A Week On The Concord And Merrimack Rivers By Henry David Thoreau

 -   Nor can we be mistaken respecting the essential purity
of his character, disregarding the apology of the manners of the - Page 400
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Nor Can We Be Mistaken Respecting The Essential Purity Of His Character, Disregarding The Apology Of The Manners Of The Age.

A simple pathos and feminine gentleness, which Wordsworth only occasionally approaches, but does not equal, are peculiar to him.

We are tempted to say that his genius was feminine, not masculine. It was such a feminineness, however, as is rarest to find in woman, though not the appreciation of it; perhaps it is not to be found at all in woman, but is only the feminine in man.

Such pure and genuine and childlike love of Nature is hardly to be found in any poet.

Chaucer's remarkably trustful and affectionate character appears in his familiar, yet innocent and reverent, manner of speaking of his God. He comes into his thought without any false reverence, and with no more parade than the zephyr to his ear. If Nature is our mother, then God is our father. There is less love and simple, practical trust in Shakespeare and Milton. How rarely in our English tongue do we find expressed any affection for God. Certainly, there is no sentiment so rare as the love of God. Herbert almost alone expresses it, "Ah, my dear God!" Our poet uses similar words with propriety; and whenever he sees a beautiful person, or other object, prides himself on the "maistry" of his God. He even recommends Dido to be his bride, -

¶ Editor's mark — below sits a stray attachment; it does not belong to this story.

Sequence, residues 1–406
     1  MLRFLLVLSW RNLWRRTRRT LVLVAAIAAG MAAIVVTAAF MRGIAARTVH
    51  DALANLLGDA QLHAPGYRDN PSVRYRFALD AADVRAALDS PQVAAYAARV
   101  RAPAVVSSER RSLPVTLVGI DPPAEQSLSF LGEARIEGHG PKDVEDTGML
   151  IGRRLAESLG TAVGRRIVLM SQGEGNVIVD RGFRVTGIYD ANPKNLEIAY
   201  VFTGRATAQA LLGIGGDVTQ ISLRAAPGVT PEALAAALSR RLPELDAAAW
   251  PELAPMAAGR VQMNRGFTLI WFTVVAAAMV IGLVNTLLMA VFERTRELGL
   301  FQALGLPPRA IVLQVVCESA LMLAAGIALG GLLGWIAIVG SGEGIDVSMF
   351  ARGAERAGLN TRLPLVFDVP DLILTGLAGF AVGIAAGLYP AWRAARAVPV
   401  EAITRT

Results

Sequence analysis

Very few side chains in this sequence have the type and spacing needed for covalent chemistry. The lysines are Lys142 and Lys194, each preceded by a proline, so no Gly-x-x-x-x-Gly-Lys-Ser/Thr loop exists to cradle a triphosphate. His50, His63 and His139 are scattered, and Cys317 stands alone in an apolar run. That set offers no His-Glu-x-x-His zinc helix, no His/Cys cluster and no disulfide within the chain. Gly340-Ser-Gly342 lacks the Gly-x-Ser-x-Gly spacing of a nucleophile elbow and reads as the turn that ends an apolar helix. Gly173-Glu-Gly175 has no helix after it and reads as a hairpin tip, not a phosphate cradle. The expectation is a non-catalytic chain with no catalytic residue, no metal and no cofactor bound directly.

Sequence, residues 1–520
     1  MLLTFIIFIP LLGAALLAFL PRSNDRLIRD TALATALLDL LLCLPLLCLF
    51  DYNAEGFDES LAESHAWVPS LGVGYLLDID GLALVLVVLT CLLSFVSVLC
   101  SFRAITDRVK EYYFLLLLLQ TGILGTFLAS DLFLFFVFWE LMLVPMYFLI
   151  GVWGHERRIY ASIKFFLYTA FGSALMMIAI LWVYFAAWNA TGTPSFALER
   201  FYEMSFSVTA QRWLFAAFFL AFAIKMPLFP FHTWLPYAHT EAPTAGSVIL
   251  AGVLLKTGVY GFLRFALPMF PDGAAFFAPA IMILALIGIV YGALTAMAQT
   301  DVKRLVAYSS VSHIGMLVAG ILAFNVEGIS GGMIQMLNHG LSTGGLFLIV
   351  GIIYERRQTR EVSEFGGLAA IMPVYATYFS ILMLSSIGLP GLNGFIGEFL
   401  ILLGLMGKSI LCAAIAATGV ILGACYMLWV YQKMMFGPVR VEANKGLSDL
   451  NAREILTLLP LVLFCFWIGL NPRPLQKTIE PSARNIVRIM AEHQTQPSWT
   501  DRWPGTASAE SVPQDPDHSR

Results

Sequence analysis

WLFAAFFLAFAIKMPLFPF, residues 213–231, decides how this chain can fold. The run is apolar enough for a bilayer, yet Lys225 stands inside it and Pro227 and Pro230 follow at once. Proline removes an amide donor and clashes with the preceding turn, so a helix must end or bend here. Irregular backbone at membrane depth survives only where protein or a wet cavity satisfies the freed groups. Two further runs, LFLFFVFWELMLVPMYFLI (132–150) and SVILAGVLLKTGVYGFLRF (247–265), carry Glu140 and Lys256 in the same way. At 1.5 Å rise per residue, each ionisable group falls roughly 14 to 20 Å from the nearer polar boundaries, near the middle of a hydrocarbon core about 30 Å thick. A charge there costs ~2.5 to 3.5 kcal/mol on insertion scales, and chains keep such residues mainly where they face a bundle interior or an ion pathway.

"if that God that heaven and yearth made, Would have a love for beauty and goodnesse, And womanhede, trouth, and semeliness."

But in justification of our praise, we must refer to his works themselves; to the Prologue to the Canterbury Tales, the account of Gentilesse, the Flower and the Leaf, the stories of Griselda, Virginia, Ariadne, and Blanche the Dutchesse, and much more of less distinguished merit.

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